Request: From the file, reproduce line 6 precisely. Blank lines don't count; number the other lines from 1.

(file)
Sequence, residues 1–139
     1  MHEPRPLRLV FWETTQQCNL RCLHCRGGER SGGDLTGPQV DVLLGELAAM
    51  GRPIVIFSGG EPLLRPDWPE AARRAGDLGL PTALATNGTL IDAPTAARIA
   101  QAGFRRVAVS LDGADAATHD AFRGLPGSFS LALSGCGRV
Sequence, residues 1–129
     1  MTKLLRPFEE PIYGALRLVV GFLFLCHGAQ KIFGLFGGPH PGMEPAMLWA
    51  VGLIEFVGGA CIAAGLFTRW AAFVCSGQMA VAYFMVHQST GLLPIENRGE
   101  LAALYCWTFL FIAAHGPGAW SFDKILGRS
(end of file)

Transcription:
     1  MTKLLRPFEE PIYGALRLVV GFLFLCHGAQ KIFGLFGGPH PGMEPAMLWA